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I often assume that size of an enumeration is the same as the size of its underlying type. But is it mandated by the standard?

The standard (C++14, n4296) says that every enumeration has an underlying type (7.2/5). The standard also says that objects are represented as sequences of bytes, and that the size of an object is related to its representation:

3.9/4 The object representation of an object of type T is the sequence of N unsigned char objects taken up by the object of type T, where N equals sizeof(T).

5.3.3/1 The sizeof operator yields the number of bytes in the object representation of its operand.

However, I was not able to find any relation between an enum's underlying type and the object representation. Is there any? If not, than I would argue that sizeof of an enumeration does not have to be sizeof of its underlying type.

So my questions are:

  1. Is there any relation between an enum's underlying type and its object representation?

  2. Does the standard really require that sizeof(std::underlying_type_t<E>) == sizeof(E) for any enumeration E?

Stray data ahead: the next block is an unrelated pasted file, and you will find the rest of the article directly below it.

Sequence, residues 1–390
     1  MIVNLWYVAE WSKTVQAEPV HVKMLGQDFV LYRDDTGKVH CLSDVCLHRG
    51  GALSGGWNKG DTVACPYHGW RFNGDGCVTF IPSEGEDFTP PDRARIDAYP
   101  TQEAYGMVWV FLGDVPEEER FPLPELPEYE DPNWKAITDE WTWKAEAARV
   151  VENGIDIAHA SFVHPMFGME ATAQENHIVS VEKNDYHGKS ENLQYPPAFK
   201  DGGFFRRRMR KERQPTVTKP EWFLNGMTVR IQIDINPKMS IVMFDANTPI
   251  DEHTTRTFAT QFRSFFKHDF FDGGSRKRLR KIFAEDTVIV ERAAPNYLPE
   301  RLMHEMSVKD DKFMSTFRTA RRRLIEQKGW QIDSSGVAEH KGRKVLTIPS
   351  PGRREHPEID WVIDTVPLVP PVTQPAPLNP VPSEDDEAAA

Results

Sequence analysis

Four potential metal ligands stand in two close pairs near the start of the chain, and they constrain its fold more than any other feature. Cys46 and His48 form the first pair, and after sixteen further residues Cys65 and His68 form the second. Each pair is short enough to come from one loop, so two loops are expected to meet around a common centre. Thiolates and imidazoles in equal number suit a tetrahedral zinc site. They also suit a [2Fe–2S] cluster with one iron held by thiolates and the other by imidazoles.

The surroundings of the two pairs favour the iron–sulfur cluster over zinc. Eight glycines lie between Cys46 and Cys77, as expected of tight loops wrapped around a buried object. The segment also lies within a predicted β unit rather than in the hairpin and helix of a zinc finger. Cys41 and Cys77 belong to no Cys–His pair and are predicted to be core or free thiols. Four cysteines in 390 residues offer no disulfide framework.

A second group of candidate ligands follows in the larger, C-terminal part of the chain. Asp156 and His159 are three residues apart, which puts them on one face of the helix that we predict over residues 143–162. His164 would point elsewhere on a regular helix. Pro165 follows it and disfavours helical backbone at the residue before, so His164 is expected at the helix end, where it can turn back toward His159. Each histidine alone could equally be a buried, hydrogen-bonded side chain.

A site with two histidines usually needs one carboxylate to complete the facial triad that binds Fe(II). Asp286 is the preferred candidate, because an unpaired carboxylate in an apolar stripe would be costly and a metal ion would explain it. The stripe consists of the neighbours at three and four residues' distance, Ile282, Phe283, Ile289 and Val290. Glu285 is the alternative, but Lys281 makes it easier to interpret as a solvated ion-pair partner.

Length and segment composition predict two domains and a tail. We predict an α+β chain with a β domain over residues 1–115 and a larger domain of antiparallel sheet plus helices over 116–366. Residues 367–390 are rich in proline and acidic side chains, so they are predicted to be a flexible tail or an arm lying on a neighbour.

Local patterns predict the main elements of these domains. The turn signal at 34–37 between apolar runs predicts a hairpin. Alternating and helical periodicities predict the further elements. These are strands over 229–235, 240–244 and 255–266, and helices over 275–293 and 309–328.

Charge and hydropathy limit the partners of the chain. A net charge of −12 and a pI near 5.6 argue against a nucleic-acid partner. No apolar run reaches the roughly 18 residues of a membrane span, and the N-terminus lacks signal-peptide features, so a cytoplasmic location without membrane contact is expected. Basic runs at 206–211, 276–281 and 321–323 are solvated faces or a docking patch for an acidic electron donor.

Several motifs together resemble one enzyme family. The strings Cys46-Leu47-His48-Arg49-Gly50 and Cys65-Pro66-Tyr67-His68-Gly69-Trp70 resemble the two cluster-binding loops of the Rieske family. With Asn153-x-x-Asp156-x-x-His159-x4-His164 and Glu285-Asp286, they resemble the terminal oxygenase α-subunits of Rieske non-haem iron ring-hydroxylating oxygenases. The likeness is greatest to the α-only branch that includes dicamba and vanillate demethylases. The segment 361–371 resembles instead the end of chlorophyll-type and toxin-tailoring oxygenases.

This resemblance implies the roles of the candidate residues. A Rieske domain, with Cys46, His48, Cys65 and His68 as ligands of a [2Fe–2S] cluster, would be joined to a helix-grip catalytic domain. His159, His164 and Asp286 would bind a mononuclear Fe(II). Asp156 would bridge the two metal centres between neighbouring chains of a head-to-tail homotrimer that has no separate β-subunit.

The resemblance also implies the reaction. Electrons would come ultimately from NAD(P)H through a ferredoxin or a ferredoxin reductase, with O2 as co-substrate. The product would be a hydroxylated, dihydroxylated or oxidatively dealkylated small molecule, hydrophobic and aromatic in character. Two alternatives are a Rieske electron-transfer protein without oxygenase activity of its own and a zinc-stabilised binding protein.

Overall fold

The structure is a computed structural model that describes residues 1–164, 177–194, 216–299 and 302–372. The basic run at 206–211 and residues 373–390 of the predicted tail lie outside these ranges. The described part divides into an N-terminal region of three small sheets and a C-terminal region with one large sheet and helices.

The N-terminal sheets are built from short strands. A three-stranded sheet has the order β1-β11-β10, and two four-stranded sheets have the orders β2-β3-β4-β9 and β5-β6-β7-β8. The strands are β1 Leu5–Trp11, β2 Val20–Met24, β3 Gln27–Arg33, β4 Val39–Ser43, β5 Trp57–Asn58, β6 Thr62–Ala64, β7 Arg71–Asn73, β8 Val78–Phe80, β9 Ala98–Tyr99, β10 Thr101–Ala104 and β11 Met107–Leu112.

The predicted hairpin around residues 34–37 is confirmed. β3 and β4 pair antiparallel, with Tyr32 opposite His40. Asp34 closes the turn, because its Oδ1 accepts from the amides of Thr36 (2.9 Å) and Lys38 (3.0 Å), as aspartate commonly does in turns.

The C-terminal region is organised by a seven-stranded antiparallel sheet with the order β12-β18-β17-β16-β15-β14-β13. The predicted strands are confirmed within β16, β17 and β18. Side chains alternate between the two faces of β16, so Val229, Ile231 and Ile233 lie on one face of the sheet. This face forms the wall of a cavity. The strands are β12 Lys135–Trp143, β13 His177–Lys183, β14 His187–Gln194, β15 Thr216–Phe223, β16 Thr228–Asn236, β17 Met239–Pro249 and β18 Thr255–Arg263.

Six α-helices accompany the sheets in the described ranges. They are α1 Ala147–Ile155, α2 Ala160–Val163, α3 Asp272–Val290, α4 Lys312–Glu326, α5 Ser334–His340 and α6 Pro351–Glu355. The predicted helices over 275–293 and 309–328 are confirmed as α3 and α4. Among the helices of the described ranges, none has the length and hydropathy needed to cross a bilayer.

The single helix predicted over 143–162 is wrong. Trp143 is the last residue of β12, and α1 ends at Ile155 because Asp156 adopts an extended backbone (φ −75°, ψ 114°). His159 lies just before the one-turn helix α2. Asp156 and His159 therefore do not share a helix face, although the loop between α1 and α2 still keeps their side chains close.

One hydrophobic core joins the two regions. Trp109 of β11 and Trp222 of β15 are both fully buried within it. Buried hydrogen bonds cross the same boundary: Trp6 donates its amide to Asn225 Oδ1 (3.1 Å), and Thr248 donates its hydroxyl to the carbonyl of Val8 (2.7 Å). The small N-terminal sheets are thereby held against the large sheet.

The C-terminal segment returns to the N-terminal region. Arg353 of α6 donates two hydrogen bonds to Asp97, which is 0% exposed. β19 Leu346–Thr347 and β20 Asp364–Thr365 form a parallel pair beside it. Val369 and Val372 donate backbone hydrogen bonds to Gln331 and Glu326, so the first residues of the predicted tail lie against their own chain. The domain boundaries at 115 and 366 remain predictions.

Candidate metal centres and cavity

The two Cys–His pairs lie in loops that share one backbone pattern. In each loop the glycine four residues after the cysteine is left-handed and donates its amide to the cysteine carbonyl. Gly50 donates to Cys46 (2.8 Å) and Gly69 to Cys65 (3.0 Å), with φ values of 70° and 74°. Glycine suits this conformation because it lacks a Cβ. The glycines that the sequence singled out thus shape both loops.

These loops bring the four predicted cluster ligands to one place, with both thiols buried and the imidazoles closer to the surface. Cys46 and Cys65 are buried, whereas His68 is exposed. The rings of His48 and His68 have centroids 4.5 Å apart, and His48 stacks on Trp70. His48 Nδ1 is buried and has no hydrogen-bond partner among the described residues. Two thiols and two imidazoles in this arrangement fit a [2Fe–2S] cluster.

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  • I'm 99% sure that they have to be the same size. E.g. there's std::byte, which is just enum class byte : unsigned char (can't remember signed or unsigned), and it's guaranteed to be the same size. I'm not sure where it is in the standard, though.
    – Justin
    Commented Nov 22, 2017 at 21:31
  • What size would it be otherwise?
    – user2100815
    Commented Nov 22, 2017 at 21:33
  • @NeilButterworth any larger? It has to be at least as large as the UT, because it has to store all its values.
    – Jan Tušil
    Commented Nov 22, 2017 at 21:35
  • I think there are arguments that say it could be smaller - for example, if an enum has a only two values, it can be stored in a char, but the specified underlying type might be an int. Note I'm not saying this is what happens.
    – user2100815
    Commented Nov 22, 2017 at 21:42
  • @NeilButterworth That may be true for plain old C enums (aka unscoped enums whose UT is not fixed) .
    – Jan Tušil
    Commented Nov 22, 2017 at 22:23

2 Answers 2

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Taken from: What is the underlying type of a c++ enum?, An older C++ standard stated at 7.2/5: